So now what? After this horror of a visit, what should I learn from it? Should I just never leave here? Is that a good strategy? It would seem so. But Dr. S. says No. She wants to see me every two weeks indefinitely. 
She told me I should keep coming at the end of our session. There was no time to discuss why I should to that so I said: “If you’re going to ask me to come here every two weeks after what I’ve just been through I want to know why. What you are hoping to achieve with me? I need to know; I need a worthwhile goal to help me sustain the horror of coming into the city.” She said that’s where we’ll start next time.
I said: “For two and a half years, I’ve been doing all the talking. Next time it’s your turn. I want to listen and I want to know what you think my future is going to look like. I want to know if I will ever live in a stable landscape.”
At least my play’s future is clear and I'm really grateful for that. It’s going to be put down. But my ladies will rise to glory! I know it.
It’s Thursday morning. I am reveling in the glory of being back home. I feel like a soldier home from the war. It was predicted to be cloudy today but the day has broken sunny and it feels good. So did the spa. I can’t remember ever wanting to get in more than I did this morning. The past two days shattered me.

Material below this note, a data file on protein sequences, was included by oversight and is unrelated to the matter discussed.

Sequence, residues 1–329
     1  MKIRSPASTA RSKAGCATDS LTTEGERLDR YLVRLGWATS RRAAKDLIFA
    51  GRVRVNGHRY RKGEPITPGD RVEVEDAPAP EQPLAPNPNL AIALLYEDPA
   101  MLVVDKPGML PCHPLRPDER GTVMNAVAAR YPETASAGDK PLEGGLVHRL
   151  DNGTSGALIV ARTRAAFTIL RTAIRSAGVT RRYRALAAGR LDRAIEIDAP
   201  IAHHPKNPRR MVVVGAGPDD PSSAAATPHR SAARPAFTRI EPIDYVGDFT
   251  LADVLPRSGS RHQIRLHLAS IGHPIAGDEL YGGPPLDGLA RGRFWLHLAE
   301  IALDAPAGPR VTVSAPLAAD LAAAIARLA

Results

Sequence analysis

I keep rolling through cycles of “I’m practically cured” to days of endless seizures exactly like when all this started. The past two days said to me: There’s been little progress in terms of recovery. How many times do I have to read/realize that you don’t recover?
I have ten days to myself here to work on the raffle and to go for walks with Sheba. Our walks have become a passion. They do wonders for us both. There’s nothing like the sight of her ahead of me leading me along the path and, even better, when she stops to ensure I’m still following and I see those two lovely eyes that shine only for me.
I told Dr. S. about being able to speak if I pretend I’m angry, or sad or I can use any accent on earth to speak but I can’t speak as myself. I can’t be myself. I asked her: “What’s up with that?”
I also told her when that insight hit, I’d cried and had a moment of self-pity. She said it was a profound observation and asked why I’d felt self-pity.
“Because it reminds me of how my life started, in a way. I couldn’t be myself then either because I didn’t know who I was until I was adopted—and then being a Tyrell turned out to something I didn’t want to be. They were dreadful, so it’s like my voice being “stolen” by my illness has something to do with all this not wanting to be me all my life. Now I want to me “me” but I can’t.”
She again said my thinking was profound.
“Good profound?”
Our time was up and I knew it, so I said like an announcer on a sensational FOX news broadcast: “Will be expect to be rewarded. Will relief be his reward? Come back in two weeks and find out in our next episode!”
I’m totally mute. I spoke Dingo in town. I’m in dreadful shape so spas and Sheba cuddles are the rule of the day.